Jim Hayden, Idaho’s statewide wolf biologist, said, “We, and trappers alike, always want to reduce nontarget catch with any form of trapping.”
The biologists had little more to add on the subject and IDFG wildlife officials in Boise did not respond to requests for interviews. (This writer’s Freedom of Information Act request for files on incidental catch is still pending.)
But one former IDFG conservation officer said he saw enough incidental catch during his career to call for more restrictive regulations on snaring.
“The average sportsman has no clue how many deer and elk trappers are catching,” said Greg Johnson, who retired three years ago after 31 years of enforcing Idaho fish and wildlife regulations in Bonner and Boundary counties.
“There are some good trappers; I worked with a lot of them,” he said. “But we were getting call after call about incidental catch in wolf snares. Some trappers will set dozens of snares at a time.
“One incident in Bonner County which did result in a prosecution involved around a dozen deer and elk that were incidentally caught in snares and killed by one trapper. The trapper’s only crime was that he did not report the catches.
“If Montana can control wolves without using snares, then Idaho ought to do the same,” Johnson said.
Matt Haag, IDFG conservation officer who conducts trapline checks on some of the same Panhandle turf that Johnson patrolled, said trappers have been improving.
“Generally speaking, nontarget catch is way, way down because trappers are getting smarter on how and when they trap,” he said last month. “Honestly, every trapper I work with absolutely hates nontarget catch, and they do everything they can to avoid it by moving snares or choosing to use leghold traps.”
Webb said he’s professionally devoted to promoting ethical trapping and personally motivated to target wolves.
“Trapping wolves requires a ton of skill, dedication and persistence,” he said in December, the morning after a 70-mile odyssey of bad roads and foul weather to check his trapline.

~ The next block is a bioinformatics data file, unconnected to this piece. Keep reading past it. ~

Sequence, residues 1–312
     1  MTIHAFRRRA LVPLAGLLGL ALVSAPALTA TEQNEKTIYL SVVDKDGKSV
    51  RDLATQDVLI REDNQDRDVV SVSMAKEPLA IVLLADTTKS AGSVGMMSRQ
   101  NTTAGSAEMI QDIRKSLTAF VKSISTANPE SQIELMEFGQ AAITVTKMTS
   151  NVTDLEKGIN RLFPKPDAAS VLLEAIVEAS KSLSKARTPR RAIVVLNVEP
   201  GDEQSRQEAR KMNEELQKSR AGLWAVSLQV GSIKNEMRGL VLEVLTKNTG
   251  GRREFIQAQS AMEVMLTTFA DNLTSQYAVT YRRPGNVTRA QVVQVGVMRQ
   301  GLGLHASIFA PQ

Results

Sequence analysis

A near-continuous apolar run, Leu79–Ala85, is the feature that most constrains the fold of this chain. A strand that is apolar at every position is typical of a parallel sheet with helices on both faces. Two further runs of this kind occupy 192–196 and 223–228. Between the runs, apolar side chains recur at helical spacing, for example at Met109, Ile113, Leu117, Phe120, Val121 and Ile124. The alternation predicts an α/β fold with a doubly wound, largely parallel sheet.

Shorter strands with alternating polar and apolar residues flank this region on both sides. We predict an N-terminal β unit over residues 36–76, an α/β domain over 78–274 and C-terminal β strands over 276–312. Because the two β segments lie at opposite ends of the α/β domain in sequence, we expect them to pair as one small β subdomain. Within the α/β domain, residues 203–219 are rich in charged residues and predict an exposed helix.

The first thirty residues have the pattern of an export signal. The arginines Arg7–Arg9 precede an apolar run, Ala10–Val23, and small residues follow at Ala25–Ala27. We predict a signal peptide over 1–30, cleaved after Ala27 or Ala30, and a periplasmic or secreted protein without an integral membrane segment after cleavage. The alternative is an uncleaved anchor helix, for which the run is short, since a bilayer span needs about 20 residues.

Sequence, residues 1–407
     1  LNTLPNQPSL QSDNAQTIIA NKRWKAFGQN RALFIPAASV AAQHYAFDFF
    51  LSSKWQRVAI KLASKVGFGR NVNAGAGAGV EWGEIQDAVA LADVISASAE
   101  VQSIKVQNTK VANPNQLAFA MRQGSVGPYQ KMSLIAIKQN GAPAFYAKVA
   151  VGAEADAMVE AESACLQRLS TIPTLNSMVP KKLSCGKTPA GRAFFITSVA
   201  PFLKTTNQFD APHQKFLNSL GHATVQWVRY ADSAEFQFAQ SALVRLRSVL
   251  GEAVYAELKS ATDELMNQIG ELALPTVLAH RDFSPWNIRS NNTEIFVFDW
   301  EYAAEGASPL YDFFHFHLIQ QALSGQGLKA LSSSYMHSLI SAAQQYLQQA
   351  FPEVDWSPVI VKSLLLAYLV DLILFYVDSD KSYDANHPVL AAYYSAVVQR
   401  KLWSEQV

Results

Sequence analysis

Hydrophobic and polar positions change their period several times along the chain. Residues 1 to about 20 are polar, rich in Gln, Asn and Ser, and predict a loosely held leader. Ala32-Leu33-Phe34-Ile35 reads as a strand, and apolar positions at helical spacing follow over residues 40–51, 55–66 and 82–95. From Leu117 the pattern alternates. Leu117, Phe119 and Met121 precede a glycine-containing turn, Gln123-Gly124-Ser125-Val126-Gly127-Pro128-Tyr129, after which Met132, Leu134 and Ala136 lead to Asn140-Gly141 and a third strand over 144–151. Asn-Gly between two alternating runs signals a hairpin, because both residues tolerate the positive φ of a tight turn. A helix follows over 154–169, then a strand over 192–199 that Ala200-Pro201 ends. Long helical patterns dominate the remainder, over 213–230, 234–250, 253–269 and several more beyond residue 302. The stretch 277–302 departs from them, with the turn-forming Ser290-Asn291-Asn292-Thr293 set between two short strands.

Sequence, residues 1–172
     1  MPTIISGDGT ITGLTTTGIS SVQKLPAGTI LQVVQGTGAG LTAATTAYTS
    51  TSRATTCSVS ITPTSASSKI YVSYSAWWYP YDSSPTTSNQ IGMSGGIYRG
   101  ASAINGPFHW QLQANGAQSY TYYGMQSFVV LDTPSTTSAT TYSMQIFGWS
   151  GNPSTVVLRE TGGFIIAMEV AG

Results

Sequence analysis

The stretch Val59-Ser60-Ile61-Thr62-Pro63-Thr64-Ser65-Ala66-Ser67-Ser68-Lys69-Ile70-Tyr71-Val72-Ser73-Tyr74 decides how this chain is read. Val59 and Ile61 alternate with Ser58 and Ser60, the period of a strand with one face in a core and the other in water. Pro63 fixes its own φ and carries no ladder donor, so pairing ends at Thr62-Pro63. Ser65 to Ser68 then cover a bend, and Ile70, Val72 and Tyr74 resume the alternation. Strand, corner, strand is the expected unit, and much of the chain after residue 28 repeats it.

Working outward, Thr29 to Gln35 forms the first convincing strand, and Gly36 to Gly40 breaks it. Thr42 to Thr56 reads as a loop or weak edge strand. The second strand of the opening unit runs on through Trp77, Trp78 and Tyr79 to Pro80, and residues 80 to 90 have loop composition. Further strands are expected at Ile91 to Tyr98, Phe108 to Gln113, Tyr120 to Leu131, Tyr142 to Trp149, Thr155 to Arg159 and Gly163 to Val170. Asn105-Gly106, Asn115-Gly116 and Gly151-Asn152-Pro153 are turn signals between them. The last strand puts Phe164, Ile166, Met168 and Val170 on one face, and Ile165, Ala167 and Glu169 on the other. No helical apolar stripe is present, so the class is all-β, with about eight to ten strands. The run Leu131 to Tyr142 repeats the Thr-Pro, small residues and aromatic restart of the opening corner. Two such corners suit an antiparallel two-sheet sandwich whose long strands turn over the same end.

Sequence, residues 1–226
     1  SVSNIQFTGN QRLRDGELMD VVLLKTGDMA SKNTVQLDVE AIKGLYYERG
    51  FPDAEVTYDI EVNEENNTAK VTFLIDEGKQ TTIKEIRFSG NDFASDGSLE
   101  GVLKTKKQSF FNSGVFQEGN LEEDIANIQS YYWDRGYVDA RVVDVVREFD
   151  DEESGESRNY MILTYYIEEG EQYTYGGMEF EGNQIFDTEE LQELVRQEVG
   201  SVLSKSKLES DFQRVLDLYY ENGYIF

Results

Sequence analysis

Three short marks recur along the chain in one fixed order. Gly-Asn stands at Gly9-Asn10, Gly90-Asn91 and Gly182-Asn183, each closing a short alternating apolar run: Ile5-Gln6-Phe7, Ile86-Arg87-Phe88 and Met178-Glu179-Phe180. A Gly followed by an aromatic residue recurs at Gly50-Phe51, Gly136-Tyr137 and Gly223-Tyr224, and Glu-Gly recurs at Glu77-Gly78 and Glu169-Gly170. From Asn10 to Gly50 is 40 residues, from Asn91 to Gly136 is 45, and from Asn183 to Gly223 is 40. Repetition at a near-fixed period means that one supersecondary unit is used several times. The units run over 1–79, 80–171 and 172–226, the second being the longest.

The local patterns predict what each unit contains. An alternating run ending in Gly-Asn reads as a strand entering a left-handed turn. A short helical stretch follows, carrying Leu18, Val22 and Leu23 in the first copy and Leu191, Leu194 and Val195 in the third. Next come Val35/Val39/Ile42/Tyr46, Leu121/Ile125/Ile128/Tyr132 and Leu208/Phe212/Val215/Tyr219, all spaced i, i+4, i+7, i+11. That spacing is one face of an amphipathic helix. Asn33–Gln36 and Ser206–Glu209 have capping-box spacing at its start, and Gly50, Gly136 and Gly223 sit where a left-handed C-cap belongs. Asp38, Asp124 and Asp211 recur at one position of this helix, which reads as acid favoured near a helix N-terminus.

Wolves had finally come through a set of leghold traps four weeks after he’d documented them being in the area. “They roam a circuit and it can take five weeks for them to return, and they did,” he said.
“I missed at three different traps by less than 2 inches from the pan. “Deep snow makes it even more difficult to get them to put their foot on the pan and release the trap. It’s frustrating, but we’re generally not allowed to trap in the best times of year.”
Regulations are necessary, Webb said. “But most of the regs are not there for biological reasons. They’re to satisfy groups that do not want wolves harvested.”
F4WM had 1,525 members at the end of 2018. Webb is among 30-35 of the regularly active wolf trappers. In seven years Webb said he’s spent more than $1,600 in fuel and 280 hours running trap line for each of the 18 wolves he has caught. He knows of only a handful of trappers who come close to their limit of 10 a year.
“Elk aren’t on the mountain tops like they used to be,” he said. They’re down on the ranch lands and farmers' fields. So Fish and Game has cow seasons from August to January to satisfy the landowners. That translates to fewer available elk. They would rather stay low and get shot because if they move up they have to face wolves.
“I really want my kids and their kids to hear an elk bugle, go to elk camp and have success. I hear a lot of wolves howling where I used to hear elk bugling.”